There are better choices when it comes to sugar substitutes, but sugar (skipping all the technicality) is still sugar in your system. There are so many reasons to cut down on sugar intake. If you want to learn more about what sugar does to the body (brain, liver, memory, etc) see The Destruction of Sugar. What Next?
My goal was not to eliminate sugar completely….I’m not there yet. But I DID want to make better choices and find better substitutes. Here are some strategies that I have come up with over the years.
Over 10 Table Sugar Substitutes
All Sugars are not Created Equal:
If you would rather use a sugar like the cane sugar you’ve been used to, then there are substitute options for you.
- Cane Sugar: Choose Cane sugar over Beet sugar. The Beet sugar industry has become 100% GMO. Also, choose non-bleached sugar. (Referred from here on out as Table Sugar)
- Sucanat: A Sucanat is better (Sugar, Cane, Natural), being a natural, minimally processed sugar. Equivalent: 1 cup sucanat for 1 cup Table Sugar
- Demerara: Try something new like Demerara. It is a cane sugar from South America, but is not processed as much as your normal table sugar. It is also about 3 times sweeter, so though it costs more, you can use less. Equivalent: 1/2-2/3 cup demerara for 1 cup Table Sugar
- Turbinado is probably one of the best in this category. It is not heated like the other sugars, but the juices are spun and dehydrated, thus containing many minerals that would be lost in heating. Equivalent: 1 cup Tubinado for 1 cup Table Sugar
- Coconut Palm Sugar: This sugar is made from tapping a coconut palm, then dried. Equivalent: 1 cup Coconut Palm for 1 cup Table Sugar
What about liquid sugars? Some of them have great nutrients and health benefits (like honey), while others have been over processed or have added ingredients:
- Raw Honey: Honey is one of my favorite substitutes, but not the cheapest (if you make sure you buy real local honey). It is full of great nutrients and is great for allergies (more on this to come). I would use this every time if I had enough of it. Equivalent: 3/4 cup Honey for 1 cup Table Sugar. Add 1/8 tsp of baking soda per cup to counteract the acidity. Reduce liquids by 1/4 cup. Reduce cooking time because honey causes foods to brown faster, or reduce oven temp. by 25 degrees F.
- Molasses: I avoid molasses unless I know exactly where it came from (It should say it is made from cane sugar, pomegranates, etc., not beets because of the gmo issue). It is the byproduct of making cane sugar – including the concentrated nutrients that were in the cane plant. When the sugar is removed, what is left is the molasses. The darker the molasses, the more the sugar has been removed. It has a strong flavor, so use with care. But it makes great ginger bread! I will sometimes substitute only a little of the cane sugar with molasses. Equivalent: 1-1/3 cup molasses for 1 cup Table Sugar. Add 1/2 tsp baking soda to counteract acidity. Reduce liquids by 5 Tbsp. (No Brown sugar, add 2 Tbsp molasses to each 1 cup white sugar)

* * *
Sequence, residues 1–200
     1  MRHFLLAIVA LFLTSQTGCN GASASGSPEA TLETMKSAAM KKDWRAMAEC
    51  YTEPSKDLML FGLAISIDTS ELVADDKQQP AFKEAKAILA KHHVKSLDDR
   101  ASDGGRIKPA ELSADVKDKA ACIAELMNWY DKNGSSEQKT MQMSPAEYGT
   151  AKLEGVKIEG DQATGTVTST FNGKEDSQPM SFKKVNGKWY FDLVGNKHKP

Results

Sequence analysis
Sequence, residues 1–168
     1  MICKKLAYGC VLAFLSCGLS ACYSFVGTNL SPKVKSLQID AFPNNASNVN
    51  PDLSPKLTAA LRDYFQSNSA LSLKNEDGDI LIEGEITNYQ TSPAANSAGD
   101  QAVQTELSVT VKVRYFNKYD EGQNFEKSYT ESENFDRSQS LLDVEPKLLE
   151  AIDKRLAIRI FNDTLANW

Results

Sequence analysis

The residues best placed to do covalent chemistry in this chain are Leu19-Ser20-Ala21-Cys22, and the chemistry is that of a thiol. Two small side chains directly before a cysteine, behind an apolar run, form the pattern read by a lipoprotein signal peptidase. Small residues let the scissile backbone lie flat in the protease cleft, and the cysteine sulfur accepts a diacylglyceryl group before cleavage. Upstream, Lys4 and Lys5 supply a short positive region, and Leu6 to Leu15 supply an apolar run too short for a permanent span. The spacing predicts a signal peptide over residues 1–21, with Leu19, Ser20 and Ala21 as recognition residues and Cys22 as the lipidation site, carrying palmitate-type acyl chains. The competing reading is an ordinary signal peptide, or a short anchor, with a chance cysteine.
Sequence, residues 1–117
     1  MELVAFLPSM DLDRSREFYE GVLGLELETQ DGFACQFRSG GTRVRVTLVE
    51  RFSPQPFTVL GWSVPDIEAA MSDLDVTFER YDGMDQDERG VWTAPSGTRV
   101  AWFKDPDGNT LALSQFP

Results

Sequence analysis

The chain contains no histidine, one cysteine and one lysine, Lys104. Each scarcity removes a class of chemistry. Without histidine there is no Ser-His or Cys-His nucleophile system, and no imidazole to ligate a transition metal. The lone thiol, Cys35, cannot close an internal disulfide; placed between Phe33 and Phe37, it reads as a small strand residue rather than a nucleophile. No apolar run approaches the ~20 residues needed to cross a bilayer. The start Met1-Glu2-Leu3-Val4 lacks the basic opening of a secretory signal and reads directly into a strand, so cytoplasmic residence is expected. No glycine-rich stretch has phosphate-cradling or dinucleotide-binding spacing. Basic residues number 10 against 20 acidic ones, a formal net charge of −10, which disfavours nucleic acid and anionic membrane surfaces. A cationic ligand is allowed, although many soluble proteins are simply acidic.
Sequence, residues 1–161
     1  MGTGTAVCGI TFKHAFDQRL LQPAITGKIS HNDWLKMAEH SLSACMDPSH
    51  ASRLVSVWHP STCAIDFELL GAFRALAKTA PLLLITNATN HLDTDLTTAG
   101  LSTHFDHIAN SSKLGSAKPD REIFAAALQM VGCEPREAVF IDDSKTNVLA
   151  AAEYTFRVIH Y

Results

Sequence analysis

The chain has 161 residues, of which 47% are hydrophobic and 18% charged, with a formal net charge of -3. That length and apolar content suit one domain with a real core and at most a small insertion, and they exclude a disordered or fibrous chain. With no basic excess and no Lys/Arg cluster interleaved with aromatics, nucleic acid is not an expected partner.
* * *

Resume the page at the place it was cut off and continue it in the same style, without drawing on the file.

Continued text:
- True Maple Syrup: Maple syrup, cooked down from the sap of a maple tree is also a lovely substitute. Equivalent: 3/4 cup maple syrup for 1 cup Table Sugar. Add 1/4 tsp baking soda to counteract acidity. Reduce liquid by 3-5 Tbsp.
- Agave Nectar: Agave is, sadly, a bad choice of sugar. It is chemically processed and known as hydrolyzed high fructose inulin syrup. If it didn’t have quality control issues, be in danger of having been mixed with corn syrup (like most honey these days), it would be the equivalent of cane sugar – no better.
- Stevia Extract: Grow your own stevia plant and dry it to use in drinks. I’m not a fan of the after tastes in baked goods, but it can be used. Be aware! Real Stevia is Not White!!! You can buy some stevia extract in my Etsy Store.
When All Else Fails, Use Fruit!
Don’t forget that fruit is a great way to add more complex sugars to a dish.
- Add berries and reduce the sugar in the recipe.
- Add applesauce and reduce sugar by 1/4 to 1/2
- Throw some dates in the food processor. Substitute 2/3 cup blended dates for 1 cup Table Sugar
Try backing off on the sugar in your favorite recipes. Try 1/4 cup less, then 1/2 cup less. Find what works for you and your family. I make chocolate chip oatmeal cookies with only half of the sugar required (the chocolate chips are so sweet) and call them “Breakfast Cookies”. Tell your kids they aren’t supposed to be sweet, but are supposed to be like muffins and see if they buy it .
Remember, the less sugar you consume on a daily basis, the more sweet normal recipes will taste. You can adjust your taste buds to be happy with much less sugar over time!